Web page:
James Young (coachbuilder)
In 1908 they made their first car body for the local Member of Parliament. From 1921 they bodied several Bentley cars as well others such as Alfa Romeo, Sunbeam and Rolls-Royce. The company had grown sufficiently to take their own stand at the 1925 London Motor Show. As well as individual commissions James Young also fitted some standard designs to cars including Talbot and Sunbeam.
In 1937 the company was bought by London Rolls-Royce dealer Jack Barclay.
During World War II they built aircraft components but the factory and all records were destroyed by bombing.
Coachbuilding resumed after the war and a stand was taken at the 1948 Motor Show. The last automobile bodies (on the Rolls-Royce Phantom V chassis) were made in 1968, following fifty Rolls-Royce Silver Shadow Coupés built in 1966 and 1967.
- "The Coach Builders". cloud9coach.com. Retrieved 2007-12-03.
- A-Z of British Coachbuilders. Nick Walker. Bay View Books 1997. ISBN 1-870979-93-1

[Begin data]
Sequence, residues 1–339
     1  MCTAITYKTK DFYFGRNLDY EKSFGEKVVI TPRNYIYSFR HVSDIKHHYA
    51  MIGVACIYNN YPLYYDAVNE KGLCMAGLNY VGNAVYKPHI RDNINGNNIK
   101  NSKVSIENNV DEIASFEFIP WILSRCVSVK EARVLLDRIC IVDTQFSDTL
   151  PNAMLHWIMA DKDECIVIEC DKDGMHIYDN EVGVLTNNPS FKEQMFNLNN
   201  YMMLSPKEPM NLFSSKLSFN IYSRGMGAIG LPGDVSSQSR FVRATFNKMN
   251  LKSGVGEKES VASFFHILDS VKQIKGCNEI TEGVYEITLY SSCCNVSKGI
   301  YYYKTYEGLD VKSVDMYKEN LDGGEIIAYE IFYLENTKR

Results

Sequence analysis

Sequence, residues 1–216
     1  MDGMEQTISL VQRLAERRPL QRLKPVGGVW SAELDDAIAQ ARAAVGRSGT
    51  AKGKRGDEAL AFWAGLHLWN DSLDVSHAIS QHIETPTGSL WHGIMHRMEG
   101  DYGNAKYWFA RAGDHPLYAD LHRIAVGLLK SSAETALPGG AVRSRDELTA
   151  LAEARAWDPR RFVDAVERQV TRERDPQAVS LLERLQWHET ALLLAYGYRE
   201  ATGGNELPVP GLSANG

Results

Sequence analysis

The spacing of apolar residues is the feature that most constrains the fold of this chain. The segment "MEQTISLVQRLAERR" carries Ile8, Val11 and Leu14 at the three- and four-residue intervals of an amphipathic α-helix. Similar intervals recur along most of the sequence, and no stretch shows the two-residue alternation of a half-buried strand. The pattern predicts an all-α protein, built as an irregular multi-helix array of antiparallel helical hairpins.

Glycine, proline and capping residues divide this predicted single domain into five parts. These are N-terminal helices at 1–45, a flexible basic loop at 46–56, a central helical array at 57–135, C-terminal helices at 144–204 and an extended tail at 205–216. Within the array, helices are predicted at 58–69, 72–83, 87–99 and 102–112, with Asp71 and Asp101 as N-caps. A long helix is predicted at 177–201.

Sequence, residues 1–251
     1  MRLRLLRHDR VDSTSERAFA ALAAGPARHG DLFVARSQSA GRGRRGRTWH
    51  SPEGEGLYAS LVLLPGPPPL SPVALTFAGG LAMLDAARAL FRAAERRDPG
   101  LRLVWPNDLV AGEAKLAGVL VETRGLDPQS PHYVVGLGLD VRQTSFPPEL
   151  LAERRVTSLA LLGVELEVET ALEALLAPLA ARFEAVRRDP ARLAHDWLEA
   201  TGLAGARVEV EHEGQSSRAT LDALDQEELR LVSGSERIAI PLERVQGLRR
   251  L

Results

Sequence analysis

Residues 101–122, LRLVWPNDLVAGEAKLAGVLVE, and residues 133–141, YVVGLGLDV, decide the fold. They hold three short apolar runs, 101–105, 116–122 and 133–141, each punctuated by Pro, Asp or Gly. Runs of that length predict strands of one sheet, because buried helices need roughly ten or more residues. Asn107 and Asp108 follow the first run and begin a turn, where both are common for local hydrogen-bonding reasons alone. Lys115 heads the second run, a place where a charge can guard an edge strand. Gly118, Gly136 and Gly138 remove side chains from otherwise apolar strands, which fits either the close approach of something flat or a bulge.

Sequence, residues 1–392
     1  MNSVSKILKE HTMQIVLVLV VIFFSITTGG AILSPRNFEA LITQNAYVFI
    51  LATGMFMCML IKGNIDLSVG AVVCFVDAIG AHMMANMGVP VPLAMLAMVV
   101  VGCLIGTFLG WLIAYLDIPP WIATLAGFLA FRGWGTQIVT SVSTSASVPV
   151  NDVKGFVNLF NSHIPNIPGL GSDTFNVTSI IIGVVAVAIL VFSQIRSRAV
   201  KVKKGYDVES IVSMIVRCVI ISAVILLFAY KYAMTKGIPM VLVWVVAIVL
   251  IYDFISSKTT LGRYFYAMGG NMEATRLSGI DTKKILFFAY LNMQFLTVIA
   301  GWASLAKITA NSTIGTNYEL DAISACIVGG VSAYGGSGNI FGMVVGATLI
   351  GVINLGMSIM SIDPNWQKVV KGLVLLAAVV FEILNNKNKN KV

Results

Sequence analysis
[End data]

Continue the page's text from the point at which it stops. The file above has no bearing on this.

- "Coachbuilding History". coachbuilt.com. Retrieved 2007-12-03.
- Bobbitt, Malcolm (1996), Rolls-Royce Silver Shadow, Bentley T-series, Camargue & Corniche (3rd (2004) ed.), Dorchester, Dorset, UK: Veloce, pp. 135–136, ISBN 1-904788-25-4
|Wikimedia Commons has media related to James Young Coachwork.|
- Book of James Young carriage designs in the Bodleian Library
- Design for a brougham or sedanca de ville on a Rolls-Royce Wraith chassis
- Design for a coupé de ville on a Bentley 4¼ litre chassis
- R-type Bentley James Young saloon 1954
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